When the ultrasonic frequency oscillator 13 is actuated to impart electric oscillatory current to the transducer 15, the same electric oscillations are transformed into mechanical vibrations (longitudinal vibrations) by means of the piezoelectric elements 8A, 8B, so that there are generated ultrasonic vibrations of the type with the vibrational antinodes being positioned at both ends of the transducer 15.
The above ultrasonic vibrations are transmitted to the metallic block shaped amplifier member 2, which member 2 in turn effects a motion of longitudinal vibrations of the type with the vibrational node being positioned at the end surface of the flanged portion 2D. At the same time, the amplitudes are enlarged by the mechanical vibration output portion 2C, so that the amplified vibrations are transmitted to the hollow cylindrically shaped vibratory member 1 from the output end 2A.
Consequently, the vibratory member 1 will effect a motion of flexural vibrations of a predetermined ordinal number of harmonic vibration mode in like manner as the first embodiment.
Further, the invention will now be described of its third embodiment with reference to FIG. 5.
This mode of practice only differs from the previously described first and second ones in that the hollow cylindrically shaped ultrasonic-frequency vibratory member 1 is formed at a portion of its cylindrical wall with an axially extending slit-like opening 1A.
Because of this opening, the vibratory member 1 will have resonant frequencies of flexural vibration different from those provided in the previous embodiments, however the pattern of vibration it produces will remain the same as shown by the chain lines in FIG. 3.
In all of the embodiments so far described, it is to be noted that the connections between the metallic block shaped amplifier member 2 and cylindrical shaped vibratory member 1; the flange 2B of the amplifier member 2 and flange 11A of the backing block member 11 with the spacer 10 sandwiched therebetween; and between the amplifier member 2 and transducer 15, may be formed not only by the fastening bolts described but also formed otherwise, such as by bonding, etc.
Further, since the amplification factor obtainable by the vibratory block member 2 is determined by the area ratio of the cross-sectional area at the end face of the backing block member 11 (or cylindrical block portion 15A) to that at the mechanical vibration output end 2A, it would be more advantageous to design the vibratory member so that instead of being solid, the member is longitudinally centrally hollowed from its output end 2A as far at least as near the flange 2B, thus resulting in a more diametrical increase of the member 2. This hollow configuration advantageously provides the amplifier member 2 with bending strength greater than that in a diametrically smaller member of solid block structure, so that there will hardly be the likelihood of incurring flexural vibrations detrimental to the desirable stiffness of connection between the vibratory member 1 and amplifier member 2.
Finally, the ultrasonic wave generator of the invention will be described of its industrial application to a humidifier as incorporated in a water-spray chamber. (See FIG. 6.)
As shown in FIG. 6, the ultrasonic wave generator of the invention is mounted on the lower wall of a water-spray chamber 18 of the humidifier 17 in a manner that the cylindrically shaped ultrasonic-frequency vibratory member 1 protrudes in the spray chamber 18 with its axis being in coincidence with that of the chamber 18.
The spray chamber 18 is opened at one end, and the other end is in communication with the exit of a blast pipe 19. Within the blast pipe 19, is provided a fan 20A driven by a motor 20, and at the entrance and side wall of the blast pipe 19, are provided air intake ports 19A.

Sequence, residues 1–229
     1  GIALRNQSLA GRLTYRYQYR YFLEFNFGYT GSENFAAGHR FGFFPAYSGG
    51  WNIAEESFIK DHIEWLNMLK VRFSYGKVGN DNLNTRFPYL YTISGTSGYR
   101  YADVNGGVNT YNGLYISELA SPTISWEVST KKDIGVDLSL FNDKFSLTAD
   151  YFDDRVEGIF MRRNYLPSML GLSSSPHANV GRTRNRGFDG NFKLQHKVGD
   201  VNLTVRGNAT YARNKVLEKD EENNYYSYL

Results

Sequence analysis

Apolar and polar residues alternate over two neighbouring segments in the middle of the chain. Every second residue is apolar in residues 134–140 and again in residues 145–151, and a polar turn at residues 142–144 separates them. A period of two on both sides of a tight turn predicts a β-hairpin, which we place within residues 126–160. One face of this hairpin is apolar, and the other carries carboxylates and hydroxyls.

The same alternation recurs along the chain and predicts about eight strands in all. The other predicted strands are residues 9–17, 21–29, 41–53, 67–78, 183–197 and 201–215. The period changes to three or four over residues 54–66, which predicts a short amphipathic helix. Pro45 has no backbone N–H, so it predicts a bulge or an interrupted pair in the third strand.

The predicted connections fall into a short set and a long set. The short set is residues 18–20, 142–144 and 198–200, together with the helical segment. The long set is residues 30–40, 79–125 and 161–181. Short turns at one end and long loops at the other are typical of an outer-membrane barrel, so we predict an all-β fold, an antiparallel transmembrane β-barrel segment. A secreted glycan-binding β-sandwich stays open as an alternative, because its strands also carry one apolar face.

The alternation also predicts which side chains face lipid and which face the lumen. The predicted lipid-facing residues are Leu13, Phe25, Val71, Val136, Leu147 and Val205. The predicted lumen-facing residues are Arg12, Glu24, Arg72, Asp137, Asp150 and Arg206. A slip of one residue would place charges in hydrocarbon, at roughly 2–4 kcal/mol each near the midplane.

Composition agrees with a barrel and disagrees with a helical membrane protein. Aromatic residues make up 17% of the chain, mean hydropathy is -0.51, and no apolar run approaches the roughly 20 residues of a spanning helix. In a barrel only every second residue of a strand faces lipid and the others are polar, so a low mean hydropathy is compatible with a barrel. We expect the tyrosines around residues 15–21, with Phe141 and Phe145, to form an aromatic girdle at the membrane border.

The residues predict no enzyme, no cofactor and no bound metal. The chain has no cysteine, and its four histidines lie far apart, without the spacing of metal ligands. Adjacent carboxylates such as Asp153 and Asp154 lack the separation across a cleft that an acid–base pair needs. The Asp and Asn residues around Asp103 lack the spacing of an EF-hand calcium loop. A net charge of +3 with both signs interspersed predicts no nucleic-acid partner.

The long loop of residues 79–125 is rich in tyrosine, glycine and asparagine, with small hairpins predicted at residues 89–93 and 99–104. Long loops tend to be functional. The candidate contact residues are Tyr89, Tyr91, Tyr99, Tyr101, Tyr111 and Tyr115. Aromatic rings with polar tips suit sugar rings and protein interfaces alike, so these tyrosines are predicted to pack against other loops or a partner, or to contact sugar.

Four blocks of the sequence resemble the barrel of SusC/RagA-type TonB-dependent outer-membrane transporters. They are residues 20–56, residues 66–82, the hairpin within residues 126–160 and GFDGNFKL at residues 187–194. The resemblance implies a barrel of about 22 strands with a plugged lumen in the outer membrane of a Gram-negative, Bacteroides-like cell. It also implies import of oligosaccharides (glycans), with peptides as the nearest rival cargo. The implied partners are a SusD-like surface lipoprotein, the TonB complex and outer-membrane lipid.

Within the spray chamber 18, are provided water supply jets 21 as extending inwardly with their extremities positioned adjacent to the flat end surface, facing toward the blast pipe 19, of the cylindrically shaped ultrasonic-frequency vibratory member 1.
The water supply jets 21 are in communication with an annular water chamber 22 formed around the spray chamber 18, which annular chamber 22 in turn is in communication with an overhead water vessel 25 through a pipe 24 having a cock 23. With this arrangement, it is adapted that water from the vessel 25 is fed, via the water supply jets 21, onto the surface of the vibratory member 1. Reference numeral 12 in the Figure indicates lead wires, and 13 indicates an ultrasonic frequency oscillator.
The above humidifier 17 incorporating the invention will now be described of its operation.
Upon actuation of the oscillator 13, the cylindrically shaped vibratory member 1 causes a motion of large-amplitude vibrations. By the action of the fan 20A driven by the motor 20, the flow of air from the intake ports 19A is conducted through the blast pipe 19 to the spray chamber 18, while the supply of water from the vessel 25 being conducted, through the pipe 24, with the cock 23 opened, water chamber 22 and water supply jets 21, to the surface of the vibratory member 1.
The volume of water thus brought onto the surface of the vibratory member 1 will spread out on the inner and outer cylindrical surfaces to form aqueous films, which films then are broken under the influence of ultrasonic wave vibrations into groups of particles while being dispersed away from the vibrating surfaces, thereby all of the water supplied into the spray chamber 18 being atomized.
This spray of water is entrained on the flow of air from the fan 20A, and released from the open end of the spray chamber 18 into the outside to effect humidification of the air. In this arrangement of humidifier, it will be assured that the rate of water atomization attainable in a given length of time increases due to a greater extensive area of vibration provided by the vibratory member of the invention.
The invention has so far been described of its industrial application to a humidifier, but it is in no way limited to such use. Instead, the ultrasonic wave generating system of the invention may equally be applied to the fields of atomizing liquids into aerosols (e.g. carburetor), fluid emulsifying devices, emulsifying and agitating devices, accelerators for chemical reaction in gases, and cleaning apparatus.
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|International Classification||B05B17/06, B06B1/06, B08B3/12, B06B3/02, B06B3/00, B06B1/02|
|Cooperative Classification||B06B3/02, B06B3/00|
|European Classification||B06B3/00, B06B3/02|